Everyone likes to be appreciated for the work they do—especially creatives. There is something about putting ourselves into our work that feels a little vulnerable. Our creative work reflects our taste, our values, and our view of what’s good. Appreciation validates that we are making a contribution and are an important part of the mission.
This time of year we focus on appreciation, so here are some reflections on what makes appreciation really land.
How to Say Thanks
- Be Specific
It’s nice to hear a general “thanks” or “good job” but if the comments are really specific, it means so much more. Consider the difference between these two statements:
General: “Nice job on the Chapman account. Thanks for your help with that.”
Specific: “I appreciate how you paid special attention to the color details with the Chapman design. When you notice the client’s priorities during meetings and ensure that your work addresses them, it demonstrates that you care for our clients. I appreciate that.”
- Highlight Values
Gratitude is an opportunity to align around values. For example, if you are working on responding quickly to customer requests, you might include that.
“We’ve been working on responsiveness with clients, and I noticed that last week you got back to Susan right away, even though you were juggling multiple projects at the time. Thanks for making this a priority. You’re upholding our value of customer service by responding to her quickly.”
- Point to Character
Most people receive accolades for behavior, but behavior is really a reflection of what’s going on in the heart. Look for opportunities to highlight what’s behind the behavior.
“When you waited and let Frank talk more about why this project was so important to him, I noticed how patient you were. This patience was rewarded as it gave him time to surface his motivation for working on this, and that changed the direction of our conversation. I appreciate your sensitivity to his perspective and the way you honored him by giving him some space, instead of jumping in to defend your work.”
- Say It Early and Often
Most people don’t complain that they are over-appreciated. So why wait until Thanksgiving to offer a word of encouragement? Experiment with little bits of gratitude sprinkled throughout the week. And notice the effect this has with your co-workers.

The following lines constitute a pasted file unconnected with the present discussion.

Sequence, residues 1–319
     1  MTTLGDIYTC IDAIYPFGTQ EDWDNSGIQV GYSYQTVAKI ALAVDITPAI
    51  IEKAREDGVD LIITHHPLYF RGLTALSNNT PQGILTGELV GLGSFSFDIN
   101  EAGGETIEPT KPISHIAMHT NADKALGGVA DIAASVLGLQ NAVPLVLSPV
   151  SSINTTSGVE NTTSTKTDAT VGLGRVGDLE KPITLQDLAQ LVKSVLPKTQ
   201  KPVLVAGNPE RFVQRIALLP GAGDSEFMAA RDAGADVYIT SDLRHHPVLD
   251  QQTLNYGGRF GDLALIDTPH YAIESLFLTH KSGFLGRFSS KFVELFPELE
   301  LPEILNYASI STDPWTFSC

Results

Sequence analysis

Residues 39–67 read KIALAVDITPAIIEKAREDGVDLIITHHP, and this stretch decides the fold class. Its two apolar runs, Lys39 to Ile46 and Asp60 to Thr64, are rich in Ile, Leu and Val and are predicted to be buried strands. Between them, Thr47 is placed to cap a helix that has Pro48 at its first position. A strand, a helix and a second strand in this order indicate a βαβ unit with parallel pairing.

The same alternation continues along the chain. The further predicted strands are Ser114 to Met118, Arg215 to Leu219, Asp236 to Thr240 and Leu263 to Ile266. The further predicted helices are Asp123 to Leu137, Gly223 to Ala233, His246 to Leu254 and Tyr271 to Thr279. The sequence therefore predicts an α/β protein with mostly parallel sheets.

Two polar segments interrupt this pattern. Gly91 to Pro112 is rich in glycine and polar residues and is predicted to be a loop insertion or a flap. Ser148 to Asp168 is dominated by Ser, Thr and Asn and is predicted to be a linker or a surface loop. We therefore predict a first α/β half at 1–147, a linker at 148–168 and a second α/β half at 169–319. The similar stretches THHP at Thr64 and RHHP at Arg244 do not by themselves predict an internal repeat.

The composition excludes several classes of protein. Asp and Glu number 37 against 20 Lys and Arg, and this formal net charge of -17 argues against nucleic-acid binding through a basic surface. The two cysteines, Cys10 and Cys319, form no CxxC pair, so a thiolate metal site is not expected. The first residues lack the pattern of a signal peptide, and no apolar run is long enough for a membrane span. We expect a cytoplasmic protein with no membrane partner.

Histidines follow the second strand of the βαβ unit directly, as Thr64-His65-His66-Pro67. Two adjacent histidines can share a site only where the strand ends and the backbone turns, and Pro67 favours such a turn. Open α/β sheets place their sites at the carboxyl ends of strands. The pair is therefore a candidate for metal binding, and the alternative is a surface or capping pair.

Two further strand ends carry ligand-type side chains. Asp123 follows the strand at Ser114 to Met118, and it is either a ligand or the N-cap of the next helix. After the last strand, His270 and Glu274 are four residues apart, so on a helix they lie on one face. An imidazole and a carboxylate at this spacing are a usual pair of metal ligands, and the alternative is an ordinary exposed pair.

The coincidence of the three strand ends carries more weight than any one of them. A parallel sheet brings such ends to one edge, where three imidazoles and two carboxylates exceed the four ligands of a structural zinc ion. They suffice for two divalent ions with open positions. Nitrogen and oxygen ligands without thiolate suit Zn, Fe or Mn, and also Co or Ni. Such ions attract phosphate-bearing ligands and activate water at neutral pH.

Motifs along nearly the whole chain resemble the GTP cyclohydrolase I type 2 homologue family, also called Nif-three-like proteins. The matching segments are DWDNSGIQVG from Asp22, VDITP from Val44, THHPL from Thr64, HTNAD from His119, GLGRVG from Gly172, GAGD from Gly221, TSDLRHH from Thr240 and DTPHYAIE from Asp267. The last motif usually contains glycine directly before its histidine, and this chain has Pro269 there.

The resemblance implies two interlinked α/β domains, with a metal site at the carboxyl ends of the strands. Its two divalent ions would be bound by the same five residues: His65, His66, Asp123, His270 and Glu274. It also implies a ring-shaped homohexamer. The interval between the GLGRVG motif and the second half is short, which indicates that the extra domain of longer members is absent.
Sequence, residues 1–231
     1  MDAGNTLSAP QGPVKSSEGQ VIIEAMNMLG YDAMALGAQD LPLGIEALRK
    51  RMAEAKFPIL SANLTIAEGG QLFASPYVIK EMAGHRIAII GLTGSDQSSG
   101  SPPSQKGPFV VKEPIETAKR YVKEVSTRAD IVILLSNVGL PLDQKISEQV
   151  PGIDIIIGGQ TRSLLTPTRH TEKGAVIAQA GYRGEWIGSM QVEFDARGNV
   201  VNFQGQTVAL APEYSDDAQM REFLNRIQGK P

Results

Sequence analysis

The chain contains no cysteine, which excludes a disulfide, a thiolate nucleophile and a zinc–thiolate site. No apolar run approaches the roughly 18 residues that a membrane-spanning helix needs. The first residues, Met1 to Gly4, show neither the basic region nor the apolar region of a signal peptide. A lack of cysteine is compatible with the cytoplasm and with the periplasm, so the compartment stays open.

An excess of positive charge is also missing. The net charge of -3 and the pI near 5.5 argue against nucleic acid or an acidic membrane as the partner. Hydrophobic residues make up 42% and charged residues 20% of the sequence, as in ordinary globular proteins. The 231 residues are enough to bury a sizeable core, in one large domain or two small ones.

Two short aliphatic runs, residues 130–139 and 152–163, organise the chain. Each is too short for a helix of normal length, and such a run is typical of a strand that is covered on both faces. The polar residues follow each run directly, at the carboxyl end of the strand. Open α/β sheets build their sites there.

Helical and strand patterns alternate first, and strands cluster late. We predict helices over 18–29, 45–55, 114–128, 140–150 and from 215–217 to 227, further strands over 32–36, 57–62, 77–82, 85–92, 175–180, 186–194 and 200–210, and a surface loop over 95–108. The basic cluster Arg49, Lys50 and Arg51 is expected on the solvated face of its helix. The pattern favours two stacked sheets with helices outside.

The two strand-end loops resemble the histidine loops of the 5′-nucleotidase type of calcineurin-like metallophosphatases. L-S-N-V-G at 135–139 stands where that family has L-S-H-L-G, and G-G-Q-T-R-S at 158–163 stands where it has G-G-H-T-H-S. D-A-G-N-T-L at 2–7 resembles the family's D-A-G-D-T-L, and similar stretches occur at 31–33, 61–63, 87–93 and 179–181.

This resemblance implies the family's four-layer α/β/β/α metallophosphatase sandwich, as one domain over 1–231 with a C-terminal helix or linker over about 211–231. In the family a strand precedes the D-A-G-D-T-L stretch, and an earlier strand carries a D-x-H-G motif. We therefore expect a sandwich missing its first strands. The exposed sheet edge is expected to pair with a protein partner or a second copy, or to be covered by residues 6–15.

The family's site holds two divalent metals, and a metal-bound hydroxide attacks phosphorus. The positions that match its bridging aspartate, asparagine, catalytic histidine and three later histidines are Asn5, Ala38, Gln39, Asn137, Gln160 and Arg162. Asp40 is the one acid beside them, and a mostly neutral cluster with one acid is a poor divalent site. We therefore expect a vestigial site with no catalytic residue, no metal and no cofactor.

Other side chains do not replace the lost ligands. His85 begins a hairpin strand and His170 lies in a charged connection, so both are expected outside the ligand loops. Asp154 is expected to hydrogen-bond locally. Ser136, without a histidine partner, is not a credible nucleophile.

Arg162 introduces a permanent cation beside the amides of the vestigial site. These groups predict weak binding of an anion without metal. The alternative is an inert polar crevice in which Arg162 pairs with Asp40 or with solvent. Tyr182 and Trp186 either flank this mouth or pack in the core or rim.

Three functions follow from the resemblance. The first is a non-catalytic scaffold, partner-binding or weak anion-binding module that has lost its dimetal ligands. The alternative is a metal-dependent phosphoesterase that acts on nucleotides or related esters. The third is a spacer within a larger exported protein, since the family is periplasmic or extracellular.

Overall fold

- Vary the Approach
Spoken affirmation is a great way to start thanking people. But it’s not the only way. Consider some of these other methods to express your appreciation:
- Write a card or note of encouragement.
It’s a tangible reminder that can sit on the desk or hang on the office wall, having a longer impact than spoken words.
- Give them quality time.
Some people feel valued when they have an opportunity to connect relationally outside the work setting. For a special thanks, take time out of your busy schedule to treat someone to coffee or lunch.
- Give a little gift.
Even if you’re on a tight budget, you can find or make something small and meaningful that expresses your appreciation for a job well done. To make it personal, find out what they like.
- Give a pat on the back.
Or it could be a warm handshake or a hug, whatever is appropriate for your workplace context. In an office where most people face the computer all day, it’s nice to have some human interaction.
- Thank individuals and the group as a whole.
Sometimes you’ll focus on certain workers to appreciate their particular efforts. Other times, you’ll acknowledge the whole department or committee for what they achieved together. Using both approaches will help individuals feel personally valued while also fostering team spirit in your organization.
- Write a card or note of encouragement.
Thanks Keeps on Giving
Saying thanks is free, but it’s not automatic. We must value appreciation enough to pay attention and notice what our co-workers are doing that makes a difference. When we express genuine appreciation in a way that resonates with others, we foster a positive working environment, increase motivation, and improve morale.
Thank you for taking the time to read this!